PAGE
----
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Thread: Converting European 3 Phase Power tools to Canada electricity

  1. #1

    Converting European 3 Phase Power tools to Canada electricity

    Hello,

    I am interested in what it would take to convert a European bandsaw (Hammer N4400) with 3 Phase (400 V) 2.5KW, 50 Hz to Canadian household electricy (120 V, 60 Hz).
    The machine has become quite specialized for me, so I would prefer not to have to replace it.

    In addition I have a large reverse pulse jet air filteration unit (3.5 KW) that I want to do the same with.

    I hope its possible and cheaper than buying new machines...

    Thanks,
    E

  2. #2
    Join Date
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    The bandsaw can likely be a candidate for a new motor. Or, if it has delta connections (look on the motor), you could change it quickly to 220v three phase. Then you could power it with either a vfd from your household 220v circuit (dryers I think are typically wired for higher voltages). I think some kind of rotary phase converter would be another option to make 220-240v three phase.

    I like a vfd on my bandsaw for the soft start, even though I have three phase power at home.

    The 3.5 kw dust unit is going to be a heavy load…probably need a phase converter or phase perfect on a dedicated 220-240v circuit which would then solve power for both machines.

  3. #3
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    I agree with Gregg. A VFD running on the 240v single phase in your home (it would be highly unusual that you would only have 120v rather than the normal 240v service) would likely be a way to run the machine as-is if it can be had with 400v output, but maybe a transformer may also be required. Replacing the motor with a 240v single phase or a 240v three phase plus a VFD are also good options. The motors would just need to have the correct "frame type" to mount to the saw. A 120v motor may not be practical because it will limit your power to 1.5-2hp max which is inadequate for a large machine like that.
    --

    The most expensive tool is the one you buy "cheaply" and often...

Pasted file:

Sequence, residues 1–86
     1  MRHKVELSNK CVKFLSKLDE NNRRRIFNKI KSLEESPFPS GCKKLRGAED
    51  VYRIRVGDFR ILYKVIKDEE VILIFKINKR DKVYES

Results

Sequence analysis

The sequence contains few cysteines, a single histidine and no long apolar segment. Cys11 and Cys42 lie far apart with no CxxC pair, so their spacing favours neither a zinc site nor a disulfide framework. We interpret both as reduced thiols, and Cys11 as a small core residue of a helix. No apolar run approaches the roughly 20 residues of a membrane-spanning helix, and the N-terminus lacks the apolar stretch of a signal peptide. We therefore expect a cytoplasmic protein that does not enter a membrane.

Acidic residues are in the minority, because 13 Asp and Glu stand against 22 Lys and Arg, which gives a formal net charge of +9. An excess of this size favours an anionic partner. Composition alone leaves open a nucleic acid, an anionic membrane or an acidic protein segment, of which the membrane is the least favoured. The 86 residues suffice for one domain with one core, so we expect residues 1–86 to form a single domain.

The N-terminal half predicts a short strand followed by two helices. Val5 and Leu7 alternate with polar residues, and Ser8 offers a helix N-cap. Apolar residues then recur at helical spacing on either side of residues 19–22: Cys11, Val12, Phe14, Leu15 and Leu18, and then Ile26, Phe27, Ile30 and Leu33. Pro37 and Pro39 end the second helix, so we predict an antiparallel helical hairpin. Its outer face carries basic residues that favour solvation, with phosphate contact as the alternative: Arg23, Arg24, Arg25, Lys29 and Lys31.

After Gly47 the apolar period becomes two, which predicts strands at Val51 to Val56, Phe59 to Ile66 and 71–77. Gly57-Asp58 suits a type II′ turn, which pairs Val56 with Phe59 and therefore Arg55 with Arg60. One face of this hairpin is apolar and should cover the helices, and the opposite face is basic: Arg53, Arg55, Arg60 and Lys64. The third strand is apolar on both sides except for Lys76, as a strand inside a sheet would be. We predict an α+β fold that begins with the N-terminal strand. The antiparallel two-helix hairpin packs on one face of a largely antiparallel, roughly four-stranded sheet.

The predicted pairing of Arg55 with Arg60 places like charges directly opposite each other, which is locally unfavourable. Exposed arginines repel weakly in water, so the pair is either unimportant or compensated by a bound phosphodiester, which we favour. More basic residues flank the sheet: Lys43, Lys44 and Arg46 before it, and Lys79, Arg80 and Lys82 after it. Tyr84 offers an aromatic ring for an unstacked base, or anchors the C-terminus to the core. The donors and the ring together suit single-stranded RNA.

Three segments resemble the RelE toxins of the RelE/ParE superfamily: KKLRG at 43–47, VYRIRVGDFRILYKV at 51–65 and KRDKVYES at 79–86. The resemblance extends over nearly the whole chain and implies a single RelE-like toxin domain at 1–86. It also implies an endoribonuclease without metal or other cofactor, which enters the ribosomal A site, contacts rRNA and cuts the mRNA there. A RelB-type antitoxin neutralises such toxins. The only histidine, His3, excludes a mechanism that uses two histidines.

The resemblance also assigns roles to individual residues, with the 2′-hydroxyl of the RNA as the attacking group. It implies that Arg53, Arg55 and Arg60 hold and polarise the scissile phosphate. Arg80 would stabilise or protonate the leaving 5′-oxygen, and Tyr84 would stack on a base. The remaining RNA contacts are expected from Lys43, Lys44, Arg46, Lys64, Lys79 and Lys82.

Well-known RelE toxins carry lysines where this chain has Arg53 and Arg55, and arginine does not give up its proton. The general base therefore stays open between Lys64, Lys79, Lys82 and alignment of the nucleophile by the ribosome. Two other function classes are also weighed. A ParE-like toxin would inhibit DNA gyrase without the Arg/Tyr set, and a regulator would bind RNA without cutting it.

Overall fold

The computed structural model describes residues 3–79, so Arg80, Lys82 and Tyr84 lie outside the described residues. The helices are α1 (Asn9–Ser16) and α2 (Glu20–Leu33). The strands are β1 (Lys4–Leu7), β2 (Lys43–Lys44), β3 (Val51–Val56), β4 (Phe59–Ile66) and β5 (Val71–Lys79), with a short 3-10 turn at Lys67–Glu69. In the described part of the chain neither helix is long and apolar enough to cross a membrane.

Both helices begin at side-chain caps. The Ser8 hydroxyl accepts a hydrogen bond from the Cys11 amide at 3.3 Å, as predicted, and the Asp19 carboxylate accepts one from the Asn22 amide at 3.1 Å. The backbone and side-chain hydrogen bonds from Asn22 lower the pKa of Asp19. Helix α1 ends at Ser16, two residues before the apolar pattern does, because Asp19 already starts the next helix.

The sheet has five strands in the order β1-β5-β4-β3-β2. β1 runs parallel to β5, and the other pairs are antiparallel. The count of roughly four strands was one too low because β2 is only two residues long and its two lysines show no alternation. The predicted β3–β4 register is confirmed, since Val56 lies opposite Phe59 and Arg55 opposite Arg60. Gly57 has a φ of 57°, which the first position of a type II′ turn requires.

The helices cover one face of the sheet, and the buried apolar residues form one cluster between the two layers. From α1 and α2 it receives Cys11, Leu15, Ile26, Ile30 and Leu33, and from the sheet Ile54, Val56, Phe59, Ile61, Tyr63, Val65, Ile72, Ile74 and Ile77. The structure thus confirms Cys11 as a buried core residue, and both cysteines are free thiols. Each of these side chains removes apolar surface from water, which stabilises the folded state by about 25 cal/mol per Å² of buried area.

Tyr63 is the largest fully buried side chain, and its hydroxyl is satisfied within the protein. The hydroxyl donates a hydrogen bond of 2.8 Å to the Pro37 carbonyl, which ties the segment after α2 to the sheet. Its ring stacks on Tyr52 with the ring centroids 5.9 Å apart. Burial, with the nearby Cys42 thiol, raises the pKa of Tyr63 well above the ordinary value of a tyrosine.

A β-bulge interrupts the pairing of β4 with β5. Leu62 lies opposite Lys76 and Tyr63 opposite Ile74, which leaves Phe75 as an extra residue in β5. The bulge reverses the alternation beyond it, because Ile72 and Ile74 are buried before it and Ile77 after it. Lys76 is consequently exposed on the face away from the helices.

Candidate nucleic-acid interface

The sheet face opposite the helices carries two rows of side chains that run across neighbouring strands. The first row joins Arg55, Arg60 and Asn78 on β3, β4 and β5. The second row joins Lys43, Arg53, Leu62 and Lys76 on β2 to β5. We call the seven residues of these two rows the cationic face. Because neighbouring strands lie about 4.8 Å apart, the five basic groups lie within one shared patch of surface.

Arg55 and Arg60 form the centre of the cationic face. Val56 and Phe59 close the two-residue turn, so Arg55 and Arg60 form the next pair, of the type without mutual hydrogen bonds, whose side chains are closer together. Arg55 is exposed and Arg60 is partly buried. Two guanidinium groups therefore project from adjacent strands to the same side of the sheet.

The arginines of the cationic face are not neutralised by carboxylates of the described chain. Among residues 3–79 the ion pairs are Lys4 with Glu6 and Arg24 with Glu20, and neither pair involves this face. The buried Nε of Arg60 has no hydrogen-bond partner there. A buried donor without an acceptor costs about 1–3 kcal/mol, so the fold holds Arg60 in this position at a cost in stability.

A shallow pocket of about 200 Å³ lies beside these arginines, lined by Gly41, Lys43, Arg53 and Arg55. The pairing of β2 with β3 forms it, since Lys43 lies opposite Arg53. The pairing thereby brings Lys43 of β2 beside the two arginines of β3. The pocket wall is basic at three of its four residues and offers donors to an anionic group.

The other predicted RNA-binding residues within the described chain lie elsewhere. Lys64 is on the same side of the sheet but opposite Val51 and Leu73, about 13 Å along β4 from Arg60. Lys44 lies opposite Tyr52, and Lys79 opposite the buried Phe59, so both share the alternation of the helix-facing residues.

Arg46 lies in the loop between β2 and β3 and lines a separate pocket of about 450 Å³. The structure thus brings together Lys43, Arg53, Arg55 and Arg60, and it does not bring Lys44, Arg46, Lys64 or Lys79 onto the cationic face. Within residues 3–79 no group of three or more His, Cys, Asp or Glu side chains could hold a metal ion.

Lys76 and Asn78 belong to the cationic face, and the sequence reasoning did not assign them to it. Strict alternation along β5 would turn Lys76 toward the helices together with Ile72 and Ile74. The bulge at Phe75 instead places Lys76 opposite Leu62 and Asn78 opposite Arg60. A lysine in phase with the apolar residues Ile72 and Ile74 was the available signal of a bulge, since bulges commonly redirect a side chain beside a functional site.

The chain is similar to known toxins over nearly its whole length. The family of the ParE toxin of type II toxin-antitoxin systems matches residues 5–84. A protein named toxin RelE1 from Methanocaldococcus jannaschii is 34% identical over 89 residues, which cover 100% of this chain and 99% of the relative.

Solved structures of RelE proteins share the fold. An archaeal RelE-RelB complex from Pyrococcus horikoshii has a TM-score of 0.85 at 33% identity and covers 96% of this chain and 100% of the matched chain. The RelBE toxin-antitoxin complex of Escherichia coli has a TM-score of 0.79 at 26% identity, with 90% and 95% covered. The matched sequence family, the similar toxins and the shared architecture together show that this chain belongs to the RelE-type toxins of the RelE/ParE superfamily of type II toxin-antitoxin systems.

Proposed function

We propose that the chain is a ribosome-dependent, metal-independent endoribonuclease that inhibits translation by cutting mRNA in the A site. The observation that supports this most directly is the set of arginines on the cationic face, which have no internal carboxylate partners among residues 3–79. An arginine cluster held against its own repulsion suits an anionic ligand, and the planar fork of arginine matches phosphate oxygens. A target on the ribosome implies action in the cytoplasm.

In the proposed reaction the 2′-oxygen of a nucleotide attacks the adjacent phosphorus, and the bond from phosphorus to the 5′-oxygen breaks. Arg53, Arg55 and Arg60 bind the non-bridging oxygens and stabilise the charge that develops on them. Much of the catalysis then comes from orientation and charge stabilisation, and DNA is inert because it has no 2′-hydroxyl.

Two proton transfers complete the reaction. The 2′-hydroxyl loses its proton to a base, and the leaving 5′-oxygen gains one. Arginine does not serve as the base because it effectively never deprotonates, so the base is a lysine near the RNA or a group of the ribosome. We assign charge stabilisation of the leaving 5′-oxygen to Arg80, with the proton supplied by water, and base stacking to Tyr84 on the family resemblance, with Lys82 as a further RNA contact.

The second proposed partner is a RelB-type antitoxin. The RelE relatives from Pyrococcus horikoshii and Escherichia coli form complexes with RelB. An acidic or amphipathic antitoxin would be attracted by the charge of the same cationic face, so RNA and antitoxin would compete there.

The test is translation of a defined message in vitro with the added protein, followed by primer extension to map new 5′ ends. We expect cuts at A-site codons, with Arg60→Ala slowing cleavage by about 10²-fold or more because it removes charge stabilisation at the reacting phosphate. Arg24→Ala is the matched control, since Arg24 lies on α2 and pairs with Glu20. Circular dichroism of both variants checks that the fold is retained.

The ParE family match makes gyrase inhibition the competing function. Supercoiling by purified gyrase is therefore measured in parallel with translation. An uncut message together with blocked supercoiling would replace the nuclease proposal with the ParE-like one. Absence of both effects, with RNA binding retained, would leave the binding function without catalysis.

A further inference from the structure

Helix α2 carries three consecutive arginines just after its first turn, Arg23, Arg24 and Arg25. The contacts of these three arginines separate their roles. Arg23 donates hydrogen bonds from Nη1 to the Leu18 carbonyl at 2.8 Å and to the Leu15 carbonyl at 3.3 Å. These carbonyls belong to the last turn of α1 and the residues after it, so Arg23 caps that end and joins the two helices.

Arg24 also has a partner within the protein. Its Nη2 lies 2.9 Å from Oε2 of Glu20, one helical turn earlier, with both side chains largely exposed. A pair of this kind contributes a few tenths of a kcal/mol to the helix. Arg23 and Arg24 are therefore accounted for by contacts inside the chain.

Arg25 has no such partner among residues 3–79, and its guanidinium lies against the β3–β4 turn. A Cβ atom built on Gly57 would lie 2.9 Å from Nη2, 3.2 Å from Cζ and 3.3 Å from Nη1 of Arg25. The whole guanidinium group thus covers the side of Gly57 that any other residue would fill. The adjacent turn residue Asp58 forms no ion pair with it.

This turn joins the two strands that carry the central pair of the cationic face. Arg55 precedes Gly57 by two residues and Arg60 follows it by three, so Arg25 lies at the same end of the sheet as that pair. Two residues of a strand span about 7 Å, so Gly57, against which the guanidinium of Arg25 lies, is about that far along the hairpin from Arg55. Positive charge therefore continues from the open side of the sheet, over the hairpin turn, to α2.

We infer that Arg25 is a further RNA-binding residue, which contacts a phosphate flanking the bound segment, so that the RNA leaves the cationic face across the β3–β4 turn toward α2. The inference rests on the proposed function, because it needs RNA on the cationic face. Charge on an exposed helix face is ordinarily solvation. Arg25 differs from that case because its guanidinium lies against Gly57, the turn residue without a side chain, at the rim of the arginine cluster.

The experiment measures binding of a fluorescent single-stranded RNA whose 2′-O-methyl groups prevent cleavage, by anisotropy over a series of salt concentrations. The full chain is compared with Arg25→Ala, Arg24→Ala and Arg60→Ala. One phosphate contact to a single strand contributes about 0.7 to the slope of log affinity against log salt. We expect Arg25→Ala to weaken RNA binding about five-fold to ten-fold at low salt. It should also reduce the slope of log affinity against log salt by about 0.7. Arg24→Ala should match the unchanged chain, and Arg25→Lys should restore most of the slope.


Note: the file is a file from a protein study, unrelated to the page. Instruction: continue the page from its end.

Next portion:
4. #4
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    The N4400 is a nice machine but only worth so much cost when swapping stuff. Changing the motor might be expensive if needing 2.5kw in the same frame size. Euro companies use small frame motors that are hard to source with the given hp. If you change the frame, you also need to swap pulleys. Electricals may need changing too if the voltage is reduced. A used step up transformer and vfd might be cheaper if you can find a used transformer close enough to not have to ship it. I'd compare those costs with buying a used bandsaw of correct voltage. Dave

    PS. Keep in mind that if just converting without a vfd, the blade speed will increase 20%. If you swap pulleys, take that into account or live with the extra speed.
    Last edited by David Kumm; 10-05-2021 at 11:25 AM.

  5. #5
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    AFAIK the 120 input vfd's max out at 1 to 1.5 hp. You 2.5 KW motor is about 2.6 HP. You can use that vfd to run the band saw but it will only produce the 1 to 1.5 hp out of the motor. If you had single phase 240 volt, a 3hp vfd would do it.
    Then you would have to install a transformer after the vfd to increase the voltage unless the motor can be rewired to 208.
    Bill D
    Last edited by Bill Dufour; 10-05-2021 at 4:08 PM.

  6. #6
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    2.5 kw should be close to 3.4 hp. Dave

  7. #7
    Thanks for the responses.
    THe reality is that both machines will be running at the same time (saw and dust collector) which is almost 6 KW load. Is this realistic with a VFD?